- Published on 10 August 2012
Scientists aim to forecast natural or economic disasters by identifying statistical anomalies.
Professional Dragon King hunter Didier Sornette from the Department of Management, Technology and Economics, ETH Zurich, Switzerland, together with his colleague Guy Ouillon, present the many facets of Dragon Kings in a review just published in EPJST. Their work has just appeared alongside nineteen other contributions exploring the ways in which this emerging field of statistical analysis could become further established.
Dragon Kings are events akin to catastrophes. They don’t belong to the same power law regime as the more standard events. For example, they can be found in financial market bubbles ending in crashes, neuron-firing cascades leading to epileptic seizures, forest fires, the distribution of city sizes, insurance claims, and even in seemingly more mundane systems such as a stick balancing on a fingertip that eventually falls to one side or the other. Their name refers to the extreme behaviour of dragons stemming from their supernatural powers.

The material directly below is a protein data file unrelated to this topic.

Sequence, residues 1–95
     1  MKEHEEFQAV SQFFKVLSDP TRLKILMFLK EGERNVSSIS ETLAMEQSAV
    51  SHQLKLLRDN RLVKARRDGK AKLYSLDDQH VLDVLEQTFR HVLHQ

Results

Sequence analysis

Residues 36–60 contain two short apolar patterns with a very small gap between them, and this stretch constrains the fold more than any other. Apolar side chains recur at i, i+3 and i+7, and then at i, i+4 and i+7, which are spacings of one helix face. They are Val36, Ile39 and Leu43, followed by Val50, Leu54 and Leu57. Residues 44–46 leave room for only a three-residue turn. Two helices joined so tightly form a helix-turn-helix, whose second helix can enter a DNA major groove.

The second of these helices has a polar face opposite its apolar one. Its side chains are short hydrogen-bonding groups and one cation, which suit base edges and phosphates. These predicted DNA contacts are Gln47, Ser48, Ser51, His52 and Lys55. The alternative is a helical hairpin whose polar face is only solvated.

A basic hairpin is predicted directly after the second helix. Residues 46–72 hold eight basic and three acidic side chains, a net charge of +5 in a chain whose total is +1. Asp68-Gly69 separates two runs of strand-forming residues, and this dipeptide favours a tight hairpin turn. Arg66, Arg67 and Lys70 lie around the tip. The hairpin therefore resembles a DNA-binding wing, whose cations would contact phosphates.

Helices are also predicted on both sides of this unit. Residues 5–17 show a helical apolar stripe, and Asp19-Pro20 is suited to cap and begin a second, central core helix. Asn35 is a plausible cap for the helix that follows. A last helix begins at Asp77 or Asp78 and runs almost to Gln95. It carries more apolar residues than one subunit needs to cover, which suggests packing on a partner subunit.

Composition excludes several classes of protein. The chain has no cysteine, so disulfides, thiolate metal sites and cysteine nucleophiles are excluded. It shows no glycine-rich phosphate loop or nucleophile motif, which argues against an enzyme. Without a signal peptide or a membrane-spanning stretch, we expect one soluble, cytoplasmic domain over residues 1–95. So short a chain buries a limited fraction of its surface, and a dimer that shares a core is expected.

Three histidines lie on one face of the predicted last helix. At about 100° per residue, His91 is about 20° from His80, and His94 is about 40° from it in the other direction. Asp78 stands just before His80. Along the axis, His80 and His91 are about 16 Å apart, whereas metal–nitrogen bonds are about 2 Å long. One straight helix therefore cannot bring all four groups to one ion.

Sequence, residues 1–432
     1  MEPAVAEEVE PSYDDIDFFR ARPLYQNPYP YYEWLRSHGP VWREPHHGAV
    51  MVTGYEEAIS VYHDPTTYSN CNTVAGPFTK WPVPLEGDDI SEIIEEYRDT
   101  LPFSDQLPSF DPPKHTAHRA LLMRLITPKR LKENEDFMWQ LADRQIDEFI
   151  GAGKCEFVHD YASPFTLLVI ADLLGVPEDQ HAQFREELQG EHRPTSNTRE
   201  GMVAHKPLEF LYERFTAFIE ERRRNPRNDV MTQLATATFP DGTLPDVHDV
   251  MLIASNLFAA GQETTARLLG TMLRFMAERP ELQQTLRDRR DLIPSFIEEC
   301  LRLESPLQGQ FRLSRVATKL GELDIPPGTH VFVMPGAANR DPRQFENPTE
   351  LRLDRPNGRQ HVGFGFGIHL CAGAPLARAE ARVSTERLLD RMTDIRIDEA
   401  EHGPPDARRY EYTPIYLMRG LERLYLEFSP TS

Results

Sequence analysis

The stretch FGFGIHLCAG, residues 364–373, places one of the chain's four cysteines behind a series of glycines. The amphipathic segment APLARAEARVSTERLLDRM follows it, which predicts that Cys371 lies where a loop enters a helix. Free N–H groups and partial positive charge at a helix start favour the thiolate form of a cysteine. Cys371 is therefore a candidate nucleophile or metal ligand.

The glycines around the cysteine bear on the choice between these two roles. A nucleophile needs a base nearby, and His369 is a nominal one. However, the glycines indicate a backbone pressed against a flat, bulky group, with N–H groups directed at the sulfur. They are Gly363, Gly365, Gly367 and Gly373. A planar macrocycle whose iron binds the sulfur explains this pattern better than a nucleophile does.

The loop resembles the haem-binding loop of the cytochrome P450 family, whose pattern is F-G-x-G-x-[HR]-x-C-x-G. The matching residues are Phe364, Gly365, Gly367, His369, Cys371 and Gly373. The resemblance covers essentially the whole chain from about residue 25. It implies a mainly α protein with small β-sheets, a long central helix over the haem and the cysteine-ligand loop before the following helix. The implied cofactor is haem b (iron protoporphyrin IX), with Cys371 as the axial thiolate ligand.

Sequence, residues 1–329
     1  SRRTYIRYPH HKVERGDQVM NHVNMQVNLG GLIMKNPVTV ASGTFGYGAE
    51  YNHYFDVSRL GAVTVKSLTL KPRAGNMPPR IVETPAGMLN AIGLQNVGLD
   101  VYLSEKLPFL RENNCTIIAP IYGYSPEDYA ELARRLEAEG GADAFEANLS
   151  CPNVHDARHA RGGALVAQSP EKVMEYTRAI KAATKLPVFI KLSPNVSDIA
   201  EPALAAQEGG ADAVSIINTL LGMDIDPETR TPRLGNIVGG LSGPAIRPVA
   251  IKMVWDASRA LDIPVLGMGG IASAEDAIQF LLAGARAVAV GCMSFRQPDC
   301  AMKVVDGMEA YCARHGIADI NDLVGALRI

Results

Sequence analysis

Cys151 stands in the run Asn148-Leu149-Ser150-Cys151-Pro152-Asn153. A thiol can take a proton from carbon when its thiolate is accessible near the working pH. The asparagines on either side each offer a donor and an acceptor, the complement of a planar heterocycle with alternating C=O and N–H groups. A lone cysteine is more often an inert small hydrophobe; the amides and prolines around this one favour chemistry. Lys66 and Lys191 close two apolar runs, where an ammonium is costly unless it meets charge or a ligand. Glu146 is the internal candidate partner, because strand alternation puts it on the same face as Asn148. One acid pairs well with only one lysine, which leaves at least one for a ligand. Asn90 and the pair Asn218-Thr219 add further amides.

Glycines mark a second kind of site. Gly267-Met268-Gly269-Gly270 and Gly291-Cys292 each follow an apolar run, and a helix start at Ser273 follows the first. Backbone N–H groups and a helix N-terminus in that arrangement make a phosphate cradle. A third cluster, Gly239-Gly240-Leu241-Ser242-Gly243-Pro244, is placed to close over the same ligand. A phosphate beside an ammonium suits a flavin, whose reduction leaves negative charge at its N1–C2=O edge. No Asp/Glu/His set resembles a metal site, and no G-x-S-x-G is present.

This review focuses on elucidating how Dragon Kings are created and can be detected. It also gives an overview of their empirical evidence in abnormal rainfall, hurricanes, and sudden events such as landslides and snow avalanches. The authors also outline the limitations of this sort of statistical analysis. For example, despite being sometimes interpreted as featuring characteristic events of Dragon Kings, great earthquakes may not be formally confirmed as such.
Finally, the authors share their views on the importance of devising prediction models that could become the basis for Dragon Kings simulators. These could be designed to help interpret the warning signs of complex systems evolving from their safe equilibrium into extreme events such as the subprime crisis, and to steer them into sustainability and ultimately avoid such crisis.
Dragon-kings : mechanisms, statistical methods and empirical evidence
D. Sornette and G. Ouillon, Eur. Phys. J. Special topics 205 1-26 (2012), DOI: 10.1140/epjst/e2012-01559-5